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Volume 90, Issue 7 p. 1773-1787
Article

Tree species fine-root demography parallels habitat specialization across a sandhill soil resource gradient

Javier F. Espeleta

Javier F. Espeleta

Department of Plant Biology, University of Georgia, Athens, Georgia 30602 USA

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Jason B. West

Corresponding Author

Jason B. West

 Present address: Biosphere 2 Earth Science, University of Arizona, Biosphere 2, P.O. Box 8746, Tucson, Arizona 85738 USA. E-mail: [email protected]Search for more papers by this author
Lisa A. Donovan

Lisa A. Donovan

Department of Plant Biology, University of Georgia, Athens, Georgia 30602 USA

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First published: 01 July 2009
Citations: 58

 Present address: Texas AgriLife Research, Texas A&M University, Uvalde, Texas 78801 USA.

Abstract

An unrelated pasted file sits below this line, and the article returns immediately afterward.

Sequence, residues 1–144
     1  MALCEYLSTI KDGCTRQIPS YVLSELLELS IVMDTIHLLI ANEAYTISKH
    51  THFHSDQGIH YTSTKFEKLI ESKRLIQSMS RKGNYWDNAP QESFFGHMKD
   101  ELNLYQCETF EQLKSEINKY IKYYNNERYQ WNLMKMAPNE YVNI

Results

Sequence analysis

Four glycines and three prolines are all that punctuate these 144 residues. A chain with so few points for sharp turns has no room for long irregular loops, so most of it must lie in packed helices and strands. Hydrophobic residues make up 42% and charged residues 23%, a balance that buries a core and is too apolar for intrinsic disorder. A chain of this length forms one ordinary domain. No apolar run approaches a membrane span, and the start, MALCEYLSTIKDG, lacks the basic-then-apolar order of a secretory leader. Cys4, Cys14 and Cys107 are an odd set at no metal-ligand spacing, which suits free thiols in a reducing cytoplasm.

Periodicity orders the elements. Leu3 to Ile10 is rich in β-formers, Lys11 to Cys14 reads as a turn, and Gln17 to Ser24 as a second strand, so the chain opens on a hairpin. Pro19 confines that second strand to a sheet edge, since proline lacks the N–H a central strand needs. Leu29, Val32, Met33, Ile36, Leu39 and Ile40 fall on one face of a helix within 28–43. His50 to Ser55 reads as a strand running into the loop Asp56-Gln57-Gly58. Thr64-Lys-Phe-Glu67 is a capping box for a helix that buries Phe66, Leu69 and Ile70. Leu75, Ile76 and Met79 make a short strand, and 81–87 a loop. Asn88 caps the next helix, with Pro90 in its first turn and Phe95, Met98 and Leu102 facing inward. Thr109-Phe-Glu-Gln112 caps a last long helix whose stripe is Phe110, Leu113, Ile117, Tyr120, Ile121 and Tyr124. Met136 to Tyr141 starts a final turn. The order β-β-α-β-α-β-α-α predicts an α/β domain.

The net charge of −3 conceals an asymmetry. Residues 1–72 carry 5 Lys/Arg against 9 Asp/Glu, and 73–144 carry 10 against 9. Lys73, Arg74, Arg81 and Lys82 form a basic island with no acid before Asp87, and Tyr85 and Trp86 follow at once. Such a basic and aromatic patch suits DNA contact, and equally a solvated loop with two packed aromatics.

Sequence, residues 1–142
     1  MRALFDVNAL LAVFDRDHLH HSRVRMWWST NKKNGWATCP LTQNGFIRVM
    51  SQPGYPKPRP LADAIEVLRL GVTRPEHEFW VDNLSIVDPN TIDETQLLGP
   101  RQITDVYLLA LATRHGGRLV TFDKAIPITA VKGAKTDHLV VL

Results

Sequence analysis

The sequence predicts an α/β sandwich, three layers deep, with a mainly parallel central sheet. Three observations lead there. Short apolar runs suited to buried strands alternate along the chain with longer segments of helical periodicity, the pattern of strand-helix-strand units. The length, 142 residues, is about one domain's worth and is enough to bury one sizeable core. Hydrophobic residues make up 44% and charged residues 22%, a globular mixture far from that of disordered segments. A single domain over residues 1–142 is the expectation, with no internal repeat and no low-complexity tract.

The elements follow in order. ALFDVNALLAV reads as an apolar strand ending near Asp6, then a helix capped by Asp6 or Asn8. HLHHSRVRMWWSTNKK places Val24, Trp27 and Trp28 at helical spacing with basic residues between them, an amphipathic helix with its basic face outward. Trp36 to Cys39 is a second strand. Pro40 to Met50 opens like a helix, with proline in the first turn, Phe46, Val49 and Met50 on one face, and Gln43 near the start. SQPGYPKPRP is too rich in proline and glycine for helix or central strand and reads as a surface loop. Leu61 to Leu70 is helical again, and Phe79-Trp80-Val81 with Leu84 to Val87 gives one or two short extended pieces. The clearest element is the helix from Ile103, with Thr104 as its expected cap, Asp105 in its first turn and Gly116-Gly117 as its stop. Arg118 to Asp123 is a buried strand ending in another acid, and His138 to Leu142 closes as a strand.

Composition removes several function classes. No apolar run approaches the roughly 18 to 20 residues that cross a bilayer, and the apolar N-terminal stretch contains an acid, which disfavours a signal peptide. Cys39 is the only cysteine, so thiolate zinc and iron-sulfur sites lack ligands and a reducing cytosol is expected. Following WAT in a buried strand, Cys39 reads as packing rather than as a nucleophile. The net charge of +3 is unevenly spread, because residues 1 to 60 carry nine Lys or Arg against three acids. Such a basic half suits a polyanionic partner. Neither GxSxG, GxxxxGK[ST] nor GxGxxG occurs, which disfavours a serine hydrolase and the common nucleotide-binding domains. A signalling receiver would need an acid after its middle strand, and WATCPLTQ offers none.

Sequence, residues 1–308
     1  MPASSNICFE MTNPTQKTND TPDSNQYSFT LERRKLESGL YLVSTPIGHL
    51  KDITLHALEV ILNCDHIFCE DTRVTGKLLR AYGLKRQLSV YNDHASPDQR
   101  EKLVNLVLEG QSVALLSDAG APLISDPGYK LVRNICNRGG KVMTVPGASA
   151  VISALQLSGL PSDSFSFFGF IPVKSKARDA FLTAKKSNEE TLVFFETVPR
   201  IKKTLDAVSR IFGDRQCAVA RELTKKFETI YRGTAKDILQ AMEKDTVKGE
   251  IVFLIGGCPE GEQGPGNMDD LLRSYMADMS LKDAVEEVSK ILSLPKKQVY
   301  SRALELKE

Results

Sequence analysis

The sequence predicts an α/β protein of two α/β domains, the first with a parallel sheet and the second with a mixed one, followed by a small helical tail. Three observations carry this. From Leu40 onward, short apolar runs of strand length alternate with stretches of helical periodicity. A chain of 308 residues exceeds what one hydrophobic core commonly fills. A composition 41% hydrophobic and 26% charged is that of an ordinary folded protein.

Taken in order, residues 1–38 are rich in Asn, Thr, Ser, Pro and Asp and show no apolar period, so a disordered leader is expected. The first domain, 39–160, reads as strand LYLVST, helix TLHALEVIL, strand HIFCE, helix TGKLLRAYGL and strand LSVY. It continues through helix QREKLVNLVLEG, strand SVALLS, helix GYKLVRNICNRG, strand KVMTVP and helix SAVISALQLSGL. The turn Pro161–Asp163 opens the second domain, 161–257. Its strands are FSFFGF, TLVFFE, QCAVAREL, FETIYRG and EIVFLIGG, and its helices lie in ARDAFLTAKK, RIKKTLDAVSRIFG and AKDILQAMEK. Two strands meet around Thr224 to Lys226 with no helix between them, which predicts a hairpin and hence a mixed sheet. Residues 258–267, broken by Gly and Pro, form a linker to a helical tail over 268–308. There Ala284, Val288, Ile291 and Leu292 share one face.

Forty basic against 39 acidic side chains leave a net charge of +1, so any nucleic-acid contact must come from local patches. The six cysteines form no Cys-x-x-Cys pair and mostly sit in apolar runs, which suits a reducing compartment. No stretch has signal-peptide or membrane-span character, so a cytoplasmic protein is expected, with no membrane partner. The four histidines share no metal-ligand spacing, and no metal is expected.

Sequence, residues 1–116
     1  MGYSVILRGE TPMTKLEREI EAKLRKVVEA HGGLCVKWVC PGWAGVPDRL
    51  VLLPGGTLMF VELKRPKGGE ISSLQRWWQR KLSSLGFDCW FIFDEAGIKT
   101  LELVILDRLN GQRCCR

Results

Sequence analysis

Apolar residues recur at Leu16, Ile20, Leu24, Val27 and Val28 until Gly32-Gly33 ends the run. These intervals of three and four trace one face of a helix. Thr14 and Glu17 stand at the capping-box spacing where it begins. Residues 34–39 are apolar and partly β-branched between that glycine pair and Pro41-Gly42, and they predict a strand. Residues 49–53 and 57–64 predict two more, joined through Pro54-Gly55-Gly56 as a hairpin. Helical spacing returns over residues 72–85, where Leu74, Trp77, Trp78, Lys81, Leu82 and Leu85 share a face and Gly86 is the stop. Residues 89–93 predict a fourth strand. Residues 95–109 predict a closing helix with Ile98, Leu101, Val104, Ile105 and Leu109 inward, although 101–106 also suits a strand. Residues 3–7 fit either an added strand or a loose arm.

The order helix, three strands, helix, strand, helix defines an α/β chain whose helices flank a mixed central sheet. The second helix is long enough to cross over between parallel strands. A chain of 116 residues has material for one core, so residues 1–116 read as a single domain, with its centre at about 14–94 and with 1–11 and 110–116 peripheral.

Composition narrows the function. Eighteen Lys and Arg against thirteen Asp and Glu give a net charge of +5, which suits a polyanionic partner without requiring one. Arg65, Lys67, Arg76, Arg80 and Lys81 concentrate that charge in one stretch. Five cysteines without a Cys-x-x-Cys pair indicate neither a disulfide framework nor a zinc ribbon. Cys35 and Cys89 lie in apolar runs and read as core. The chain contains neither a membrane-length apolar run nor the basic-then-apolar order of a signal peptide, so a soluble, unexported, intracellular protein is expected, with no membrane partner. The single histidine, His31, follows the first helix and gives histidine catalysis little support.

Single species can substantially alter belowground processes in ecosystems via differential root production and death. However, information on species differences in fine-root demography is virtually absent for natural communities. In this field study, we recorded species-specific fine-root (<2 mm in diameter) demography in adults of four tree species (Pinus palustris, Quercus laevis, Q. incana, and Q. margaretta) that are distributed differentially along soil resource gradients in the fall-line sandhills of the southeastern United States. At a subxeric habitat where all four species co-occur, roots of individual trees of each species were isolated in rhizotrons and tracked individually for three years. Quercus species had similar fine-root morphology but differed substantially for fine-root demography and architecture. Quercus laevis and Q. incana, the species from xeric habitats, showed lower fine-root production, death, percentage mortality, turnover rates, and risk of death, and greater life span and mean root segment length (MRSL) than Q. margaretta, the species from subxeric habitats. Fine roots of P. palustris (a generalist) showed high production and intermediate mortality, turnover rate, longevity, and MRSL. Fine-root survival increased with root order (first to fourth in centripetal order), but the degree of change was species specific. Q. margaretta showed greater increases in survival with order, but all species had similar demography of third- and fourth-order roots. Mycorrhizal roots had greater longevity than non-mycorrhizal roots only in Q. laevis. Species differences were also seasonal. Although these Quercus species are leaf deciduous, some growth of fine roots occurred in Q. margaretta during the “leaf-dormant” season. In our narrow-scale species comparison, species differences in ecological distribution were consistent with the observed variation in fine-root demography and architecture with greater resolution than leaf characters or other root traits such as morphology. Our results also show that narrow-scale variation in fine-root demography (including intra-generic differences) can be as large as broad-scale variation across biomes and vegetation types. Hence, small shifts in community composition have the potential to produce substantial changes below ground.